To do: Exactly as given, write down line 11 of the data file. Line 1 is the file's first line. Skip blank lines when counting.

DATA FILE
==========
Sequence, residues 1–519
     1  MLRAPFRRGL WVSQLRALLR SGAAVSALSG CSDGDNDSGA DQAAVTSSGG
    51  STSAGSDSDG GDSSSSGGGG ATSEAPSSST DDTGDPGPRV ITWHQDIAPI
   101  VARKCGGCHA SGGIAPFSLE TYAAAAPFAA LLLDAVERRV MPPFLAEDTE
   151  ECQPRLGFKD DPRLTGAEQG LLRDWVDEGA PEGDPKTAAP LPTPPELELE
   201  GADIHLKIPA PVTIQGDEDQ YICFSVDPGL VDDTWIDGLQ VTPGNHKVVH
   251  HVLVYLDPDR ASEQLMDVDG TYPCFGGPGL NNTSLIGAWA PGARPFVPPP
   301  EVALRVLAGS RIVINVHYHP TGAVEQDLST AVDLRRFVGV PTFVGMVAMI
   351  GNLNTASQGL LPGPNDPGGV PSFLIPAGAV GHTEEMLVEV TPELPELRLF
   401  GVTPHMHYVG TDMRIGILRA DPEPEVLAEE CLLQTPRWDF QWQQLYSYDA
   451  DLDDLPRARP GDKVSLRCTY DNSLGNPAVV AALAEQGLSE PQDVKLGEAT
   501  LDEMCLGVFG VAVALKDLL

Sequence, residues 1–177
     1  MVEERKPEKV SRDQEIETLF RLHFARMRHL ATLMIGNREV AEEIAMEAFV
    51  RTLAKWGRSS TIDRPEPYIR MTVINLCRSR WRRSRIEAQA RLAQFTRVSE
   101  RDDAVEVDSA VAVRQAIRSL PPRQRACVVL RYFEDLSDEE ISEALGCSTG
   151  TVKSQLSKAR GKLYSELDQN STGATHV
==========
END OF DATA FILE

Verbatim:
   451  DLDDLPRARP GDKVSLRCTY DNSLGNPAVV AALAEQGLSE PQDVKLGEAT